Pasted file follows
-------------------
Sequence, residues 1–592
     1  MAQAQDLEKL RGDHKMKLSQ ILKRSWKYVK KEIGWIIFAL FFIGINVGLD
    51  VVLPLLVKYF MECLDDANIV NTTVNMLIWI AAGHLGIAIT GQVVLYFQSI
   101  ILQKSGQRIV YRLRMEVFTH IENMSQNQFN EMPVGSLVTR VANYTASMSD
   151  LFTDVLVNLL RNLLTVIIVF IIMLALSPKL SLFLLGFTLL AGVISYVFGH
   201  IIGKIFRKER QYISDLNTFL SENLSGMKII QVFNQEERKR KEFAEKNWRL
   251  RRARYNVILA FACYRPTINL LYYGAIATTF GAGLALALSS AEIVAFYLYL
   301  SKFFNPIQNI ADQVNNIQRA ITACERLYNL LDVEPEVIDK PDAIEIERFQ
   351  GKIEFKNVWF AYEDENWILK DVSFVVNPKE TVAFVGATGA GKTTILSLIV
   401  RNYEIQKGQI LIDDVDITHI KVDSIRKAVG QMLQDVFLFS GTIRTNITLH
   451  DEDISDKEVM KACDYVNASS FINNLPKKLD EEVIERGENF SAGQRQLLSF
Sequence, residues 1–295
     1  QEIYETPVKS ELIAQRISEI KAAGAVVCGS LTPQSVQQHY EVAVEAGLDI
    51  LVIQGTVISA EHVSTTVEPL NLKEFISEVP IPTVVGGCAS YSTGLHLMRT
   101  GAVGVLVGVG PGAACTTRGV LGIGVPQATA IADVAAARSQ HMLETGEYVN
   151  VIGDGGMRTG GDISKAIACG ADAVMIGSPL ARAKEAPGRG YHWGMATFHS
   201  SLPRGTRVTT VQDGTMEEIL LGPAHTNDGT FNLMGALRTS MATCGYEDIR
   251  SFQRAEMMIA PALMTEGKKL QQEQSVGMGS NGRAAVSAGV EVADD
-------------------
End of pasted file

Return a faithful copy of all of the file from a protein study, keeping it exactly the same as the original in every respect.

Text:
Sequence, residues 1–592
     1  MAQAQDLEKL RGDHKMKLSQ ILKRSWKYVK KEIGWIIFAL FFIGINVGLD
    51  VVLPLLVKYF MECLDDANIV NTTVNMLIWI AAGHLGIAIT GQVVLYFQSI
   101  ILQKSGQRIV YRLRMEVFTH IENMSQNQFN EMPVGSLVTR VANYTASMSD
   151  LFTDVLVNLL RNLLTVIIVF IIMLALSPKL SLFLLGFTLL AGVISYVFGH
   201  IIGKIFRKER QYISDLNTFL SENLSGMKII QVFNQEERKR KEFAEKNWRL
   251  RRARYNVILA FACYRPTINL LYYGAIATTF GAGLALALSS AEIVAFYLYL
   301  SKFFNPIQNI ADQVNNIQRA ITACERLYNL LDVEPEVIDK PDAIEIERFQ
   351  GKIEFKNVWF AYEDENWILK DVSFVVNPKE TVAFVGATGA GKTTILSLIV
   401  RNYEIQKGQI LIDDVDITHI KVDSIRKAVG QMLQDVFLFS GTIRTNITLH
   451  DEDISDKEVM KACDYVNASS FINNLPKKLD EEVIERGENF SAGQRQLLSF
Sequence, residues 1–295
     1  QEIYETPVKS ELIAQRISEI KAAGAVVCGS LTPQSVQQHY EVAVEAGLDI
    51  LVIQGTVISA EHVSTTVEPL NLKEFISEVP IPTVVGGCAS YSTGLHLMRT
   101  GAVGVLVGVG PGAACTTRGV LGIGVPQATA IADVAAARSQ HMLETGEYVN
   151  VIGDGGMRTG GDISKAIACG ADAVMIGSPL ARAKEAPGRG YHWGMATFHS
   201  SLPRGTRVTT VQDGTMEEIL LGPAHTNDGT FNLMGALRTS MATCGYEDIR
   251  SFQRAEMMIA PALMTEGKKL QQEQSVGMGS NGRAAVSAGV EVADD